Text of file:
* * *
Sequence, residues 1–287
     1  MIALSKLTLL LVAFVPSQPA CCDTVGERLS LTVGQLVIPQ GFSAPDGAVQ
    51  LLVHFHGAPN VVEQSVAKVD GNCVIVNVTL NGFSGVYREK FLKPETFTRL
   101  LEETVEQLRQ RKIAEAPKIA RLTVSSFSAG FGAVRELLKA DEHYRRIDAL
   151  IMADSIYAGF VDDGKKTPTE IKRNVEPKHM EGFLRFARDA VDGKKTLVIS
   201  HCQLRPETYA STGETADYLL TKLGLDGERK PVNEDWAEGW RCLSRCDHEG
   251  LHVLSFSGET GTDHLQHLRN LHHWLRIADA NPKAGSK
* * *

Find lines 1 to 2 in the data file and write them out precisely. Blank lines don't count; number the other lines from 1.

Sequence, residues 1–287
     1  MIALSKLTLL LVAFVPSQPA CCDTVGERLS LTVGQLVIPQ GFSAPDGAVQ